KC Johnson's obviously a dogged researcher and responsible scholar ... when he wants to be. When he doesn't—that is, when facts flatter his agenda—he either brandishes his liberal credentials or boldly dissembles. Johnson rebuts those who would associate him with David Horowitz:
"Indoctrination" is a concern of some right-wing academic critics, especially David Horowitz. Yet, since Piot claims to have read the blog closely, he knows that I’m an Obama supporter who backs gay marriage and abortion rights.
KC has to be blind if he doesn't see how his book feeds into the larger right-wing narrative about academia, which for convenience one calls "Horowitzian."
Johnson's not blind. He knows what he's doing. He knows the people he must align with to do it. This isn't to claim Johnson's ideas are coterminous with Horowitz's, only that they appeal to the same people for the same reasons. Witness his commentariat. Better yet, since he distances himself from the racism and sexism so prevalent among some of its numbers, witness the meat Johnson tosses to them:
This article represents what passes for a scholarly publication in [Charles] Piot’s field [cultural anthropology]. Indeed, it is listed as a "representative publication" on Professor Piot’s CV.
Johnson may not agree with Horowitz, but he certainly appropriates his style. Piot's article is dubious. I grant Johnson that. (Just as I've granted him his due from the get-go.) And were Johnson to stop with the facts before him like any responsible scholar we wouldn't be having this conversation. Instead, he makes a leap as grandiose as the one which motivates the second half of Until Proven Innocent. To wit:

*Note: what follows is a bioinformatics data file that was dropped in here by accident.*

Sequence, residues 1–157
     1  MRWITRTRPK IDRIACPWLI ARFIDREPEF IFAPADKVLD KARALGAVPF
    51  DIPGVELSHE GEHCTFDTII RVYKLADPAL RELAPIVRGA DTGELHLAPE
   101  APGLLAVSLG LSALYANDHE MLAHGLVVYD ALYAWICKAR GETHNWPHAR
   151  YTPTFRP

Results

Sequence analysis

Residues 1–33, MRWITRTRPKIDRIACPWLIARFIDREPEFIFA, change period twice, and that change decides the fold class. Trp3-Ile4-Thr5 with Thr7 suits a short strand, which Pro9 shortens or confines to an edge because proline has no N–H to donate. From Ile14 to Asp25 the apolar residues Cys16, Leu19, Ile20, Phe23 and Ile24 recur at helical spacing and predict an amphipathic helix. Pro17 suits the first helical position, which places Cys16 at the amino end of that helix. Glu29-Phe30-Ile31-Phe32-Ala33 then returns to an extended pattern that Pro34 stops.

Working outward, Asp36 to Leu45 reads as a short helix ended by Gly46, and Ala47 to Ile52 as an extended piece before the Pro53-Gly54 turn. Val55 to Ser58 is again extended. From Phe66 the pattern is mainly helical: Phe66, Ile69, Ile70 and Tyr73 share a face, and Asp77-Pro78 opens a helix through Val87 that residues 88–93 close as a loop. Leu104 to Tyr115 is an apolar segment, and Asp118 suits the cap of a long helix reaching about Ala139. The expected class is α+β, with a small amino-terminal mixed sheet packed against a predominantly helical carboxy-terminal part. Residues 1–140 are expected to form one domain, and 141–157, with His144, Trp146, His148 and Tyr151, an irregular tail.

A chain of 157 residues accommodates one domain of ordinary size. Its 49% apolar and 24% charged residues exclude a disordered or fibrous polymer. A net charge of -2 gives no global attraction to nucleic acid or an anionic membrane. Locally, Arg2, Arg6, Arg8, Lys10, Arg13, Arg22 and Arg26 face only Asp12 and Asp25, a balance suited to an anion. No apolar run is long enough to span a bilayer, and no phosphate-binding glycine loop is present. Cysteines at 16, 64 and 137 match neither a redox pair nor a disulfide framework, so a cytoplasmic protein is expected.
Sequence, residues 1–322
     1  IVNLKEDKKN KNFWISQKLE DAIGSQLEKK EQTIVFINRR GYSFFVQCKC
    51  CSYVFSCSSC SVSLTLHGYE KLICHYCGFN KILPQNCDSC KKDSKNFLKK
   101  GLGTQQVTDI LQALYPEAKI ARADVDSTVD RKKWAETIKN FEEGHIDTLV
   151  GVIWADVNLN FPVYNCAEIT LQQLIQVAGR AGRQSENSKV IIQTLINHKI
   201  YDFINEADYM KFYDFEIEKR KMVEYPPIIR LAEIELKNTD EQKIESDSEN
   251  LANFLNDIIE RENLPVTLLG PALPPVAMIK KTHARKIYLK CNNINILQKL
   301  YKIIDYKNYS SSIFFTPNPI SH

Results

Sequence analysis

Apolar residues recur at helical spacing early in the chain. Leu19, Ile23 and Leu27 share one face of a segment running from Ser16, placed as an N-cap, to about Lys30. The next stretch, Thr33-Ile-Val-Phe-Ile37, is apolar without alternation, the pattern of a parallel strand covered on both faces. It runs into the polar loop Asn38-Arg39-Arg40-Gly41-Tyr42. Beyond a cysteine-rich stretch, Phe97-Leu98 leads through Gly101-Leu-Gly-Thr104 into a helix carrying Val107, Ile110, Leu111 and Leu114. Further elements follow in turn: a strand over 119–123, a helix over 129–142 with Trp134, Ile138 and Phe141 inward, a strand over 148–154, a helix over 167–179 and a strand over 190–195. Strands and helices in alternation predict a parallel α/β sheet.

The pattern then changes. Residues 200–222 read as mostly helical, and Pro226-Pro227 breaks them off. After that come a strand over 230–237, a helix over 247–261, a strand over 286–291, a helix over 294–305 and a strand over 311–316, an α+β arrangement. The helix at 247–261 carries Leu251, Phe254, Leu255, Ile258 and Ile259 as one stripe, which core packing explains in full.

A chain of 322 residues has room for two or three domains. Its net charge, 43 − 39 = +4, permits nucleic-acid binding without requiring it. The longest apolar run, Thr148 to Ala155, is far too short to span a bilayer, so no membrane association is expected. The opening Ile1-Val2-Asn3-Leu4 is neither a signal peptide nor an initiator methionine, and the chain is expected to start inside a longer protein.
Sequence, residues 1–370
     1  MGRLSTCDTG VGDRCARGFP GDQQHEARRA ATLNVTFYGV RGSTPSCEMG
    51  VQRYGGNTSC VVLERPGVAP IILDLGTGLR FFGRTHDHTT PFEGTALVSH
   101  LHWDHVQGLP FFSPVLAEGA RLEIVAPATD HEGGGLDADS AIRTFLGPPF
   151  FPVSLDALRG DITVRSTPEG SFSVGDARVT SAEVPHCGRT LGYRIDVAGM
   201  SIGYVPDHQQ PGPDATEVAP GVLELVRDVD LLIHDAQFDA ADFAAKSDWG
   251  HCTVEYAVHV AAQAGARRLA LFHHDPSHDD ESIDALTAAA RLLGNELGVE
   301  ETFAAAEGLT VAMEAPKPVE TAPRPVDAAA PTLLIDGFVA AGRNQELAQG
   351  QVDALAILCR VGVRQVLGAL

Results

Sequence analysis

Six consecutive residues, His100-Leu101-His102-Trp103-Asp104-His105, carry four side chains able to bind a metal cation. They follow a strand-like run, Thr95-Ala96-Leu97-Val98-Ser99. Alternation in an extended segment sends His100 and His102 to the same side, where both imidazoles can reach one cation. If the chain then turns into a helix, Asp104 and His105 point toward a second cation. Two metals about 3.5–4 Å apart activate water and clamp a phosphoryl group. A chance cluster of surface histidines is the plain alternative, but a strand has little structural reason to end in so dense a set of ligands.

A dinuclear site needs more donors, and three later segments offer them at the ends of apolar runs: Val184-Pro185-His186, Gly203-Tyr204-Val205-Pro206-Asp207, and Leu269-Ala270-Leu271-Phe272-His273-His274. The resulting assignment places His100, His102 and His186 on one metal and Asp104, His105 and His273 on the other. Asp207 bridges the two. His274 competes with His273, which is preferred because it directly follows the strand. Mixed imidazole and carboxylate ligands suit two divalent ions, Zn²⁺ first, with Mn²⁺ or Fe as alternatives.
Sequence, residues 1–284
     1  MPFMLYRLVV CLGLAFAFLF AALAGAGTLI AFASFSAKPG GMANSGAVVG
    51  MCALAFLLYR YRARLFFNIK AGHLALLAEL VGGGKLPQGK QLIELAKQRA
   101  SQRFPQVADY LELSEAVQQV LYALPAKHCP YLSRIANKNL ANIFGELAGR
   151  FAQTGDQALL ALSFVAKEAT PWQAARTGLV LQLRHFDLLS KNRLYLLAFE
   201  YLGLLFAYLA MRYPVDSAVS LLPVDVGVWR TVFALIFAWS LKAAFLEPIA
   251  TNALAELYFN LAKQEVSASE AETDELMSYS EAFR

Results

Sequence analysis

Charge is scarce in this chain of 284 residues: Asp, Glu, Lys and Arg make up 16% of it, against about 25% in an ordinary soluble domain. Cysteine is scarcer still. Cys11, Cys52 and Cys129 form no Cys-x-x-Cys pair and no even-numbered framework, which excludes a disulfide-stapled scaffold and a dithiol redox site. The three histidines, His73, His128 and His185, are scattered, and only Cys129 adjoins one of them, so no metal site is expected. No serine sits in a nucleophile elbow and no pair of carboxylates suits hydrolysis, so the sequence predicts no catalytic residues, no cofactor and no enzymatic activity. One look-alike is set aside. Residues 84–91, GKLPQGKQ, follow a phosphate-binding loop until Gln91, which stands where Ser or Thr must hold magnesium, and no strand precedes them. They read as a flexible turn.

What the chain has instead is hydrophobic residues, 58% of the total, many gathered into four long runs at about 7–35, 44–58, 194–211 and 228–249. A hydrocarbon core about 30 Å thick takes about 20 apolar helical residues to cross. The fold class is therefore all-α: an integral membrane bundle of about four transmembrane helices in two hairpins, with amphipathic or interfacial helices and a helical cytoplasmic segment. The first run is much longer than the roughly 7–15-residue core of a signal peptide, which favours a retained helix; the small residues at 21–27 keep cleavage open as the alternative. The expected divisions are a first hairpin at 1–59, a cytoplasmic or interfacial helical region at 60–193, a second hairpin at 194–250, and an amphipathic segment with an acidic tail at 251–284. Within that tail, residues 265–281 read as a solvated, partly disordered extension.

- Charles Piot's article represents what passes for scholarly publication in his field ...
- ... because Charles Piot lists it as a "representative publication" on his CV.
Unless the field in question is "Charles Piot Studies," Johnson's argument is a sloppy attempt to discredit the work of hundreds of scholars through a flip rhetorical gesture. I suspect that when he reads this post, Johnson will correct his "mistake," thereby cementing his readers' belief in his integrity. I'm not buying it. He's too smart to not be this savvy.
He makes statements hoping that no one notices them, because it's a win-win proposition. If no one does, his pack feasts upon the meat he's thrown it. If someone does, he plays the role of the judicious pack-leader, and his pack respects him all the more for his honesty ... but only because they've already stuffed a little meat down their gullets.
Rhetorically, it's as brilliant as it is dishonest. And it is dishonest. I refuse to believe so thorough a researcher as Johnson wouldn't have performed a cursory examination of the field he dismissed in its entirety and learned that Transforming Anthropology is not among cultural anthropology's flagship journals. I refuse to believe that Johnson didn't consult an anthropologist and learn that Current Anthropology and The Journal of American Anthropology are the field's representative journals. Therefore, I can only conclude that there's a reason Johnson wants his readers to assume (wrongly) that Transforming Anthropology is representative:
The lie furthers his agenda. (As will its correction.)